There is a massive problem with a little bug that is called the varroa mite, and that is affecting a lot of bees. They have a very short life cycle but they harbor a lot of viruses. I think at last count it was 23 or 27 different viruses that they can carry and give to the honeybees.

You occasionally remove nuisance bees from properties. Do you ever get attacked?

The worst one that I had was in an owl box and it was about 17 or 18 feet up in a palm tree. The people had seen the bees there for a while and had not found them a nuisance, and all of a sudden when they went outside they started to get buzzed by the bees and stung. They had some chickens that got stung by the bees.

So they had requested removal and I did the removal, and those bees were just horrible. I’m climbing up the ladder and I’m about 6, 7 feet away from them and there was just a cloud of bees coming from the colony straight at me, and they were just relentless.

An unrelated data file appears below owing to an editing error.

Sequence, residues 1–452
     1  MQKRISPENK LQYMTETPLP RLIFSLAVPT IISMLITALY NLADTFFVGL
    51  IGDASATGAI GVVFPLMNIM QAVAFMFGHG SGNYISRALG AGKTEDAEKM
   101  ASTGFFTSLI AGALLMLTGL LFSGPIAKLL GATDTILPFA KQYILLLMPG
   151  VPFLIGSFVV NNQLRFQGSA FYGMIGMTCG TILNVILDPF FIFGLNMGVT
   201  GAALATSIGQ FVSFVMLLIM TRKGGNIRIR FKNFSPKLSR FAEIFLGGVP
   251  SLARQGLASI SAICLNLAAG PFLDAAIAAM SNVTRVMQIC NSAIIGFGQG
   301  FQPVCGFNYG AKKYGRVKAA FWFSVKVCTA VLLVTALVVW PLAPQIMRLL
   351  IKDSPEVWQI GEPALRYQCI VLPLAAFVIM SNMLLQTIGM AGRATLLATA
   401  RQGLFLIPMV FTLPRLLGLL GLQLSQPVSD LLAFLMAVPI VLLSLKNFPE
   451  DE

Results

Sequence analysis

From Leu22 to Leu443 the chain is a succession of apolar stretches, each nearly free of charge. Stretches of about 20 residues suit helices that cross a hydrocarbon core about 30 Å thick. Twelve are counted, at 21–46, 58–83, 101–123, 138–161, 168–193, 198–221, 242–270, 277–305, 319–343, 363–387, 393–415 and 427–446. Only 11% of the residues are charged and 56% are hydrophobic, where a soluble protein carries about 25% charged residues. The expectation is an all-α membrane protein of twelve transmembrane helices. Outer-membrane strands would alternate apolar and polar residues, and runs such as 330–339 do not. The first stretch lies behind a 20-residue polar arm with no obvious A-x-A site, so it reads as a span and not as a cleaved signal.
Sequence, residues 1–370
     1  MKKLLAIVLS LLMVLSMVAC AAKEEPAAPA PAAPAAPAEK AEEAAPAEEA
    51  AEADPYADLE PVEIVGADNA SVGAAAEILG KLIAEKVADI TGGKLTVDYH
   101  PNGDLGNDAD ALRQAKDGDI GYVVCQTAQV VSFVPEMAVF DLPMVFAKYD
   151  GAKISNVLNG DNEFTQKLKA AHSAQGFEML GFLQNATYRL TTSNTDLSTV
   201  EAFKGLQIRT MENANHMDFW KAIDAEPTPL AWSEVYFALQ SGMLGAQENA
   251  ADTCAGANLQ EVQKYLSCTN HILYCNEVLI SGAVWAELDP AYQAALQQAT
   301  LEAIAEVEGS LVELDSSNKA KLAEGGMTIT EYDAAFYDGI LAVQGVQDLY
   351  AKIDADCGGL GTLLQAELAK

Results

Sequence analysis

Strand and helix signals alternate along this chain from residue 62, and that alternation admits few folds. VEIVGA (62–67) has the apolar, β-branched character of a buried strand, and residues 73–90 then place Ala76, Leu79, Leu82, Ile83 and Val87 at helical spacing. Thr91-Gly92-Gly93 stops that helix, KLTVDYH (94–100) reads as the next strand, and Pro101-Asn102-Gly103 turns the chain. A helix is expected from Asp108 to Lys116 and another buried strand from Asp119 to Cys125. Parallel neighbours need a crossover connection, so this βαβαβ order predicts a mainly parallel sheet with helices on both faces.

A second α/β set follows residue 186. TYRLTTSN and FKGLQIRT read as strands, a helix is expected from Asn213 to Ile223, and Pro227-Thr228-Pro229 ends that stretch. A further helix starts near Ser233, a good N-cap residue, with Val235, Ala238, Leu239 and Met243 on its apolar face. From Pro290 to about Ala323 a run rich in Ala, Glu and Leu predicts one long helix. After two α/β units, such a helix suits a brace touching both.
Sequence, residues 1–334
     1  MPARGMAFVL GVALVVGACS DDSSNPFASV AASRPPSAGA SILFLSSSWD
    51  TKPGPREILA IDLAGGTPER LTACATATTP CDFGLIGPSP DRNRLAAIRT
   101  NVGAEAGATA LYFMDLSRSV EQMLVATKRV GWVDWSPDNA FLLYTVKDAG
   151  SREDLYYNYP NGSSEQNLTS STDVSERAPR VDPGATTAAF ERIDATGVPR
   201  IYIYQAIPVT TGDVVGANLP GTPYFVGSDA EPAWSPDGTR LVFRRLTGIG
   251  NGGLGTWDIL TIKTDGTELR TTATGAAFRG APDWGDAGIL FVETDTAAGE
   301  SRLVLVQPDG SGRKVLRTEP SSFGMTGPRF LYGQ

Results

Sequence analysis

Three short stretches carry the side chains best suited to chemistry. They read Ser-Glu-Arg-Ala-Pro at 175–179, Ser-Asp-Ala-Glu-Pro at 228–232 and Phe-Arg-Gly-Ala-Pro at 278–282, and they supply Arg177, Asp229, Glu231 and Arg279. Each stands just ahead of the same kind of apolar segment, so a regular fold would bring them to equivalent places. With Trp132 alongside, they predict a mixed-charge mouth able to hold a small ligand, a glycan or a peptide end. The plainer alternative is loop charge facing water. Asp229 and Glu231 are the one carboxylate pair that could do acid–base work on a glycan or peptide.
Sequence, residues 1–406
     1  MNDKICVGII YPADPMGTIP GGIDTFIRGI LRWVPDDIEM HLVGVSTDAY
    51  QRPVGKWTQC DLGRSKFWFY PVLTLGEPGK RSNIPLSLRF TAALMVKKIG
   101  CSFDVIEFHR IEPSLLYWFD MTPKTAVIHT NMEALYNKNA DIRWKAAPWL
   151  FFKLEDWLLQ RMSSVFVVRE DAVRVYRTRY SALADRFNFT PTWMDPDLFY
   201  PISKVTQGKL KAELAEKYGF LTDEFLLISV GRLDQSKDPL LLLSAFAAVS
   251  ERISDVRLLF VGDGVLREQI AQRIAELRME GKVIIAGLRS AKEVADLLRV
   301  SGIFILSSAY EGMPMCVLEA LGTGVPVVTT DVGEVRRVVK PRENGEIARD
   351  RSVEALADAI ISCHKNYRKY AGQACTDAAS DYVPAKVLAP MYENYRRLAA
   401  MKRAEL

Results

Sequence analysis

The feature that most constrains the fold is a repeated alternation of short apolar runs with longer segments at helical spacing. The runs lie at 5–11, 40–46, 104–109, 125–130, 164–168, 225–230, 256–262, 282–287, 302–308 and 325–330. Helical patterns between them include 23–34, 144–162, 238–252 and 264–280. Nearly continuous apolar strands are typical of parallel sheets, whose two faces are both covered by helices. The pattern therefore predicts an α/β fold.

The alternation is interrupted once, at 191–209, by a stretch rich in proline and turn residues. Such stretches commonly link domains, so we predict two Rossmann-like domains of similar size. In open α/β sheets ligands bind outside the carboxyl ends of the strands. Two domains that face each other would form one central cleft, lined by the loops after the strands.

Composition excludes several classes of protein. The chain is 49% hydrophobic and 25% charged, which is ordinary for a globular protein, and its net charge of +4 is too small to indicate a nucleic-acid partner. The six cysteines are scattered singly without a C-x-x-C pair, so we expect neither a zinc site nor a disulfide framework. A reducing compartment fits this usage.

They got through the protective suit because when you bend your arms the suit gets really close to your skin and then they had me there. They had me around my gloves. I ended up culling the queen and took all the drones, so that we didn’t have any of those genetics go out into my apiary or back into Mother Nature.

Who really runs honeybee society?

The workers run the show. The queen bee is the one that lays the eggs and holds the community together with her pheromones. But she has really no say in what is happening. The worker bees will tell the queen bee what to do, and they will hold feed from her if they feel they don’t need as many bees. They will start feeding her more when they feel that there is a nectar flow coming on and they need to increase the bee society in the hive.

How does the queen produce males and females?